Abstract: As the economy continues in the direction of uncertainty, with the increasing housing cost overwhelming homebuyers across the nation, and with social, cultural, and financial aspects drawing families closer in this time of complexity, many people are searching for alternative living solutions. Many of these factors are causing families to convert their nuclear households into tolerable communal settings based on the concept of generational living. Families are finding this lifestyle a viable living alternative that responds to the various economic and social challenges occurring today. According to the data from the 2000 United States Census Bureau, approximately 3.9 million residences have been identified as residing in multigenerational households1. The census further indicates that nearly 4% of homes in the United States consist of three or more generations. Among the highest proportions of multigenerational households in the nation, Hawaii accounts for an estimated 8.2 percent of families living in an extended dwelling environment.2 Sharing living quarters with an extended family is a growing trend that concentrates on the various needs of the unit. Multigenerational households are emerging in todayʼs society because of higher life expectancy, lack of affordable housing, social/cultural influences to maintain family bonds, and financial factors. However, are current living arrangements in Hawaii appropriately designed for these conditions? With soaring housing costs and limited buildable land, Hawaii is in need of a new type of dwelling design to alleviate urban sprawl and overcrowding in homes, and to address alternative living situations. This Doctorate Project provides an in-depth analysis on multigenerational living. Through the conduction of research, personal interviews, surveys, and case studies, an urban living dwelling was designed for the generational family—an apartment unit that addresses the diversity and changeability of the familyʼs needs. This vision of the multigenerational apartment is intended to increase housing supply and/or density without rapidly transforming the urban landscape, to support a diverse population, and to support families at any income level, while adapting to the internal evolution of generations within a dwelling space. 1 United States Census Bureau, Multigenerational Households Number 4 Million According to Census 2000, (CB01-CN.18. Washington: GPO, 2001), 1. 2 Ibid., 1. As the economy continues in the direction of uncertainty, with the increasing housing cost overwhelming homebuyers across the nation, and with social, cultural, and financial aspects drawing families closer in this time of complexity, many people are searching for alternative living solutions. Many of these factors are causing families to convert their nuclear households into tolerable communal settings based on the concept of generational living. Families are finding this lifestyle a viable living alternative that responds to the various economic and social challenges occurring today. According to the data from the 2000 United States Census Bureau, approximately 3.9 million residences have been identified as residing in multigenerational households1. The census further indicates that nearly 4% of homes in the United States consist of three or more generations. Among the highest proportions of multigenerational households in the nation, Hawaii accounts for an estimated 8.2 percent of families living in an extended dwelling environment.2 Sharing living quarters with an extended family is a growing trend that concentrates on the various needs of the unit. Multigenerational households are emerging in todayʼs society because of higher life expectancy, lack of affordable housing, social/cultural influences to maintain family bonds, and financial factors. However, are current living arrangements in Hawaii appropriately designed for these conditions? With soaring housing costs and limited buildable land, Hawaii is in need of a new type of dwelling design to alleviate urban sprawl and overcrowding in homes, and to address alternative living situations. This Doctorate Project provides an in-depth analysis on multigenerational living. Through the conduction of research, personal interviews, surveys, and case studies, an urban living dwelling was designed for the generational family—an apartment unit that addresses the diversity and changeability of the familyʼs needs. This vision of the multigenerational apartment is intended to increase housing supply and/or density without rapidly transforming the urban landscape, to support a diverse population, and to support families at any income level, while adapting to the internal evolution of generations within a dwelling space. 1 United States Census Bureau, Multigenerational Households Number 4 Million According to Census 2000, (CB01-CN.18. Washington: GPO, 2001), 1. 2 Ibid., 1. As the economy continues in the direction of uncertainty, with the increasing housing cost overwhelming homebuyers across the nation, and with social, cultural, and financial aspects drawing families closer in this time of complexity, many people are searching for alternative living solutions. Many of these factors are causing families to convert their nuclear households into tolerable communal settings based on the concept of generational living. Families are finding this lifestyle a viable living alternative that responds to the various economic and social challenges occurring today. According to the data from the 2000 United States Census Bureau, approximately 3.9 million residences have been identified as residing in multigenerational households1. The census further indicates that nearly 4% of homes in the United States consist of three or more generations. Among the highest proportions of multigenerational households in the nation, Hawaii accounts for an estimated 8.2 percent of families living in an extended dwelling environment.2 Sharing living quarters with an extended family is a growing trend that concentrates on the various needs of the unit. Multigenerational households are emerging in todayʼs society because of higher life expectancy, lack of affordable housing, social/cultural influences to maintain family bonds, and financial factors. However, are current living arrangements in Hawaii appropriately designed for these conditions? With soaring housing costs and limited buildable land, Hawaii is in need of a new type of dwelling design to alleviate urban sprawl and overcrowding in homes, and to address alternative living situations. This Doctorate Project provides an in-depth analysis on multigenerational living. Through the conduction of research, personal interviews, surveys, and case studies, an urban living dwelling was designed for the generational family—an apartment unit that addresses the diversity and changeability of the familyʼs needs. This vision of the multigenerational apartment is intended to increase housing supply and/or density without rapidly transforming the urban landscape, to support a diverse population, and to support families at any income level, while adapting to the internal evolution of generations within a dwelling space. 1 United States Census Bureau, Multigenerational Households Number 4 Million According to Census 2000, (CB01-CN.18. Washington: GPO, 2001), 1. 2 Ibid., 1. As the economy continues in the direction of uncertainty, with the increasing housing cost overwhelming homebuyers across the nation, and with social, cultural, and financial aspects drawing families closer in this time of complexity, many people are searching for alternative living solutions. Many of these factors are causing families to convert their nuclear households into tolerable communal settings based on the concept of generational living. Families are finding this lifestyle a viable living alternative that responds to the various economic and social challenges occurring today. According to the data from the 2000 United States Census Bureau, approximately 3.9 million residences have been identified as residing in multigenerational households1. The census further indicates that nearly 4% of homes in the United States consist of three or more generations. Among the highest proportions of multigenerational households in the nation, Hawaii accounts for an estimated 8.2 percent of families living in an extended dwelling environment.2 Sharing living quarters with an extended family is a growing trend that concentrates on the various needs of the unit. Multigenerational households are emerging in todayʼs society because of higher life expectancy, lack of affordable housing, social/cultural influences to maintain family bonds, and financial factors. However, are current living arrangements in Hawaii appropriately designed for these conditions? With soaring housing costs and limited buildable land, Hawaii is in need of a new type of dwelling design to alleviate urban sprawl and overcrowding in homes, and to address alternative living situations. This Doctorate Project provides an in-depth analysis on multigenerational living. Through the conduction of research, personal interviews, surveys, and case studies, an urban living dwelling was designed for the generational family—an apartment unit that addresses the diversity and changeability of the familyʼs needs. This vision of the multigenerational apartment is intended to increase housing supply and/or density without rapidly transforming the urban landscape, to support a diverse population, and to support families at any income level, while adapting to the internal evolution of generations within a dwelling space. 1 United States Census Bureau, Multigenerational Households Number 4 Million According to Census 2000, (CB01-CN.18. Washington: GPO, 2001), 1. 2 Ibid., 1.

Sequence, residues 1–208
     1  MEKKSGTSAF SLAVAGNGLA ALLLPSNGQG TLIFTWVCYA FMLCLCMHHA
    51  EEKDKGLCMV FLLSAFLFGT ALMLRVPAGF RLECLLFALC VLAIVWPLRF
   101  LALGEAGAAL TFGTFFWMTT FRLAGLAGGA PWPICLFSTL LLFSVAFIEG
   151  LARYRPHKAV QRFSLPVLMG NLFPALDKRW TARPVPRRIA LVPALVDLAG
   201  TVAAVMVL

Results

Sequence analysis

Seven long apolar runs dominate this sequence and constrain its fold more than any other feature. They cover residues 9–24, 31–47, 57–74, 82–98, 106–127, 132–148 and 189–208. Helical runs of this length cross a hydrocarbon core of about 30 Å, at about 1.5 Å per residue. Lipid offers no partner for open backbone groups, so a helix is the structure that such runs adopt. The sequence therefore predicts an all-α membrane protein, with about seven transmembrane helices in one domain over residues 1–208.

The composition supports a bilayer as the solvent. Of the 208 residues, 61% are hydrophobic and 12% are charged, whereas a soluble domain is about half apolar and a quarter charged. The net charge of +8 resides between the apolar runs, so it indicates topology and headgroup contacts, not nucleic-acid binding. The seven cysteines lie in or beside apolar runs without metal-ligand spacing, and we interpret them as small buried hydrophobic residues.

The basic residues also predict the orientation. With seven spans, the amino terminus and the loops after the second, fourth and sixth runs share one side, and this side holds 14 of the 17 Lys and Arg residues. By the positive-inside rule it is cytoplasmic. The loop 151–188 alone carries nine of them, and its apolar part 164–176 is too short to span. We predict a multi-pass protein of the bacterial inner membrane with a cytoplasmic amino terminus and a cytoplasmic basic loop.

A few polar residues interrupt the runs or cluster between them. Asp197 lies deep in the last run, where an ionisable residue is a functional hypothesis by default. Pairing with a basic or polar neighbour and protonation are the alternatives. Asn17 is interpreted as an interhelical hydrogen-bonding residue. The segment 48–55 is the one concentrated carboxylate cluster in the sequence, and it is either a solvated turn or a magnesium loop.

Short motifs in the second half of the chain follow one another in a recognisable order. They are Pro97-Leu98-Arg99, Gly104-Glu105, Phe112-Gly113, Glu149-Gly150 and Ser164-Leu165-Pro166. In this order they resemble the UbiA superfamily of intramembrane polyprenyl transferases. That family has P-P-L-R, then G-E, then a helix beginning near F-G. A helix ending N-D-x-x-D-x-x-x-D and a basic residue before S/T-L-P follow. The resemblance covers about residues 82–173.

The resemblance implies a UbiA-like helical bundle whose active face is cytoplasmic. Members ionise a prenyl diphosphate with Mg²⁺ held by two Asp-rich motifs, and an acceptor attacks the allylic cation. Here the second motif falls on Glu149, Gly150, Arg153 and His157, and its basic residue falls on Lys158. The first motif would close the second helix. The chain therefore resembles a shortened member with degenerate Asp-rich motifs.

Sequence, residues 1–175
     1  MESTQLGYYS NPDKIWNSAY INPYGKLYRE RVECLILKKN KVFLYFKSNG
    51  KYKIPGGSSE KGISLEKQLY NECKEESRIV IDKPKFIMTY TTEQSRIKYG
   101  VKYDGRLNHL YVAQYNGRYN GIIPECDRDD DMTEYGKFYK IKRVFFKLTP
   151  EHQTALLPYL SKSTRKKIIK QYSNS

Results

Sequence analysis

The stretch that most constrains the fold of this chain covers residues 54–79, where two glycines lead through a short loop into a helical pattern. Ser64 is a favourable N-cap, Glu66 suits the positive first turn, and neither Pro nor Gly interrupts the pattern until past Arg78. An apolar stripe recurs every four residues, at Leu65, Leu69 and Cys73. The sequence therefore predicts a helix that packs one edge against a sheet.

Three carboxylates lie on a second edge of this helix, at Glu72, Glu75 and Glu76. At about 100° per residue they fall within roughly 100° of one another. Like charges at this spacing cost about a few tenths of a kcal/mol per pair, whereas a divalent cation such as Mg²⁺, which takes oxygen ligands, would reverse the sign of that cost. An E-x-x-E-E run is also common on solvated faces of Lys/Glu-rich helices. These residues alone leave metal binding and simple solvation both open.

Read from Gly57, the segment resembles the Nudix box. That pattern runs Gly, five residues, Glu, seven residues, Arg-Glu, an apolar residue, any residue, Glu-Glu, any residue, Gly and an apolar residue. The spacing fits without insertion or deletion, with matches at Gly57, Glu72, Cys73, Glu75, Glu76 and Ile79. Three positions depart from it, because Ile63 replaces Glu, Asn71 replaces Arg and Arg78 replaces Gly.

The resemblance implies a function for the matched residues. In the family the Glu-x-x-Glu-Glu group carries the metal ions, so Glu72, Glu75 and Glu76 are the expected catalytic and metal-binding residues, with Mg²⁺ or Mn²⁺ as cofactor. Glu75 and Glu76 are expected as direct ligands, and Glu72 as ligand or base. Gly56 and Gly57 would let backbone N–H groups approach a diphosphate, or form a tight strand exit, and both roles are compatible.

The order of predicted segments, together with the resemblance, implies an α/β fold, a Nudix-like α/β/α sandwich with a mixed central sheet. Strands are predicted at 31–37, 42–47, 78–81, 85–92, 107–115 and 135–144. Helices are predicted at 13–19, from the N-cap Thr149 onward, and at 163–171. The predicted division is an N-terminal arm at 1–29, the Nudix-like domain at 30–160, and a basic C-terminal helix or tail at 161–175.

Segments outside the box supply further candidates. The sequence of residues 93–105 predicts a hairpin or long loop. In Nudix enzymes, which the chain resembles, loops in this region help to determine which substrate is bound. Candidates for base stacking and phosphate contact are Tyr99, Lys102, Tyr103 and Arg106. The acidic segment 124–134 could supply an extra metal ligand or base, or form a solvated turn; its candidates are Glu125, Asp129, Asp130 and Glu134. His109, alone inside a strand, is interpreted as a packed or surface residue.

Pages/Duration: 155 pages
URI/DOI: http://hdl.handle.net/10125/45774
Appears in Collections:2009